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Water Industry

By Emily & Chelsea
by

Emily Cook

on 24 January 2014

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Transcript of Water Industry

The Water Industry
The History of Water
Environmental &
Economic Impacts
Water Industry
By Chelsea and Emily.
Ever since the beginning, water has played the most important role in maintaining a civilization. It supports crops for food, provided habitat for fish to feed villagers and even powered mills. The water industry sprouted from the need of fresh water, and to get it as efficiently as possible. In places like Rome, aqueducts were used to transport water from the mountains to city, it was then directed into a spa or used as a fresh water source.
Water is very reliable, and can be used as a raw material for solvents, coolants and as an energy source. It is also used all the time, and in almost every factory. The human population uses 22% of the world’s fresh water, and it is believed that in 2025 the world will be using about 24%. The problem is, most of our fresh water has been polluted and all this is effecting the environment. To be more specific the pollution is effecting, the health of mammals, fish, plants and even us as humans.
Future
Current Events
Nestle Water Bottle Scandal!
Nestle, takes millions of liters of water from Canada each year.
To be specific, Nestle is taking around 265 million liters of fresh Canadian water a year, and they are taking it for free. Not only are they stealing our water, but taking it to Switzerland, bottling it up, and selling it back to us.
So why is this happening? Well, it is because British Columbia lacks in ground-water laws; so Nestle Canada has been given the right to take our water. This is not just a recent thing though; it has been going on since the water act in 1996. The reason why it’s relevant now is because it’s majorly affecting the British Colombian water supply.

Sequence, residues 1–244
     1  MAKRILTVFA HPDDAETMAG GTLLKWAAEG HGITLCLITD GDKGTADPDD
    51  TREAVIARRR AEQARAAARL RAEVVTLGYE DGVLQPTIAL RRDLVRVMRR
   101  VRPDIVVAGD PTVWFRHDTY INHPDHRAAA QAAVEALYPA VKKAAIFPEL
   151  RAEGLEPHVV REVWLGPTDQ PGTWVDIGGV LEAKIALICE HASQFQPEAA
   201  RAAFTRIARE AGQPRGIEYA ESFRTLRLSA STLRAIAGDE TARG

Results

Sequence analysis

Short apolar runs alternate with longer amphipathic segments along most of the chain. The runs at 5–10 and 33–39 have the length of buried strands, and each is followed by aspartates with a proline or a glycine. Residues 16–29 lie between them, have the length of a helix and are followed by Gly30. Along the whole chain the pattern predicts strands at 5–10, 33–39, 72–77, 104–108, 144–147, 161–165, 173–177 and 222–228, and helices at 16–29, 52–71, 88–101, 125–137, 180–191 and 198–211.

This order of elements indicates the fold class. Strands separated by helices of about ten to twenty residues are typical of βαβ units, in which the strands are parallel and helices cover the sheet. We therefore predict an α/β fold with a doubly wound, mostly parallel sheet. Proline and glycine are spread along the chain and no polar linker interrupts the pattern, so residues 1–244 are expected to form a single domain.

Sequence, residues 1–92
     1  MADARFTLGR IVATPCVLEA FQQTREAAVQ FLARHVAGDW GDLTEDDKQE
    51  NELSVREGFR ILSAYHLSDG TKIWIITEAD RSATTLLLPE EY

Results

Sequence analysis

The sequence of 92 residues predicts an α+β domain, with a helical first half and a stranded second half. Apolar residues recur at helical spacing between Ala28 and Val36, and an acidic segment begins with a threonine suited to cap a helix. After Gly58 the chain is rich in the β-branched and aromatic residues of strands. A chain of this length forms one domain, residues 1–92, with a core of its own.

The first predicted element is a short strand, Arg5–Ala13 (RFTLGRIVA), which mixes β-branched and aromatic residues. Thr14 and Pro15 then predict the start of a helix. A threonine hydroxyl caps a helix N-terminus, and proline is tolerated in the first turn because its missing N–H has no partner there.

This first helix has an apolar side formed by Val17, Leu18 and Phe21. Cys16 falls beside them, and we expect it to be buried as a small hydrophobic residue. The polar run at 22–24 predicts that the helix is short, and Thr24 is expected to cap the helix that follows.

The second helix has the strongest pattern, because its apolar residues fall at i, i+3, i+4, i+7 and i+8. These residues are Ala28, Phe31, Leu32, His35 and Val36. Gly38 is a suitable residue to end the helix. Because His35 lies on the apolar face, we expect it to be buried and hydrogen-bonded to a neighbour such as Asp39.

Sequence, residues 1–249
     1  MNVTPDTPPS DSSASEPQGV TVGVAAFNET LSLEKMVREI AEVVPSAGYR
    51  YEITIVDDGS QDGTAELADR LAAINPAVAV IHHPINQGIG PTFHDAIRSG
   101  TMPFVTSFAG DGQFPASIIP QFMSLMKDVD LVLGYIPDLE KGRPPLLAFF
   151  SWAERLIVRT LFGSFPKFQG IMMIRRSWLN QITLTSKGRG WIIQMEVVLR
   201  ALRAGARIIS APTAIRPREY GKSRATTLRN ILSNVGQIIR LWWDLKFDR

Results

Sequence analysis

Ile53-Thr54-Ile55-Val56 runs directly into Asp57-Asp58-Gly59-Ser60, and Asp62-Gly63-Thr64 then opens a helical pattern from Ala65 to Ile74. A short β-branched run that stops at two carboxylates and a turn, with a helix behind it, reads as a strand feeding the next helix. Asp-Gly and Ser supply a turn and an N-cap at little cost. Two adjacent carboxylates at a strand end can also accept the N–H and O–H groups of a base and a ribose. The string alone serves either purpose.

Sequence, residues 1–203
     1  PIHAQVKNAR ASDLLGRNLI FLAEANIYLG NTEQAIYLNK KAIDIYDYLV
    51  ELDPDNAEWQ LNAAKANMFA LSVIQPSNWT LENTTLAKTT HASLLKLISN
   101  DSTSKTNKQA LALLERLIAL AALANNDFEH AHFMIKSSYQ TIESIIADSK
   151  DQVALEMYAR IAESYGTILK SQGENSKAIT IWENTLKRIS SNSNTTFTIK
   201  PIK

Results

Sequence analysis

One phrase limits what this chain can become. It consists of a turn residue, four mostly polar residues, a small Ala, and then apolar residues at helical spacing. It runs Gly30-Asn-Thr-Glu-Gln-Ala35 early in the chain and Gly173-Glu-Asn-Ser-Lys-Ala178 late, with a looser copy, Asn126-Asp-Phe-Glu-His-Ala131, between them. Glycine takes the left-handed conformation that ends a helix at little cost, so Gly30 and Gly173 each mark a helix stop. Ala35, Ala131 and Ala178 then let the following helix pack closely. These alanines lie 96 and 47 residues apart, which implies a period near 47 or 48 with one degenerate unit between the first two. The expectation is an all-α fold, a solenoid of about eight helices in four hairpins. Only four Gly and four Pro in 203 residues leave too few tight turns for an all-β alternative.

Bottled water has been around for years. The first bottle of water was invented in Roman times, and from there it spread throughout Europe. It eventually became part of the European heritage.
The water industry includes, private water companies, a large number of manufacturers and suppliers of bottled water, hydro and many others. The water industry is becoming an issue, as water security threatens the global community.
This is a graph of the pollution in Canada
This is a Map of the pollution in the Great Lakes
This is a map of where the pollution is being taken care of
The great lakes are a huge water source in Canada. Just the lakes alone take up 21% of the world’s fresh surface water. The problem is they are being polluted by all the cities they were built on, or close by the lakes.
The Great Lakes are a huge water source in Canada. Just the lakes alone take up 21% of the world’s fresh surface water. The problem is they are being polluted by all the cities that were built on, or close by the lakes.
The End
Aquaculture
When it rains in the fall, the creeks fill up with lot's of water and so the fish start spawning. Between the Spring and Summer time, the creeks start to dry out, which leads to the fish to die, because all that is left, is gravel. The government has known about this for quite a few years, but they don't do anything to fix it.
Fall: Here, is a photo of the fish spawning.
Spring: The fish eggs are still hatching, but the water is starting to evaporate.
Summer: the water has evaporated in the creeks, which means the fish have died because the creeks are so dry.
What is the water industry?
When, Where and How Water was used.
What is The History of Bottled Water?
The true future of the water industry is unknown, purely because there has been a lot said and not enough done. For example, we have the environmentalists trying to stop the over use of fresh water, and the major companies who are just trying to make billions of dollars. It sounds selfish, and it is, but if you think about, most of the companies are making things like corn, other food, cars, plains, clothes and appliances, all things that we as humans need to move forward. In conclusion, it’s up to us to decide whether to be innovative and find new ways to use less, or keep taking what we want, and eventually suffer the consequences.

Bibliography
http://www.efbw.eu/bwf.php?classement=01
http://en.wikipedia.org/wiki/Water_industry
http://o.canada.com/news/nestle-bottled-water-cost/
Transportation -->
By Chelsea Tomczyk and
Emily Cook
From the 1700's-1800's .........
Here are some photo's that were taken by my Father, Bruce Cook.
http://www.agr.gc.ca/eng/industry-markets-and-trade/statistics-and-market-information/by-product-sector/processed-food-and-beverages/the-canadian-bottled-water-industry/?id=1171644581795
Full transcript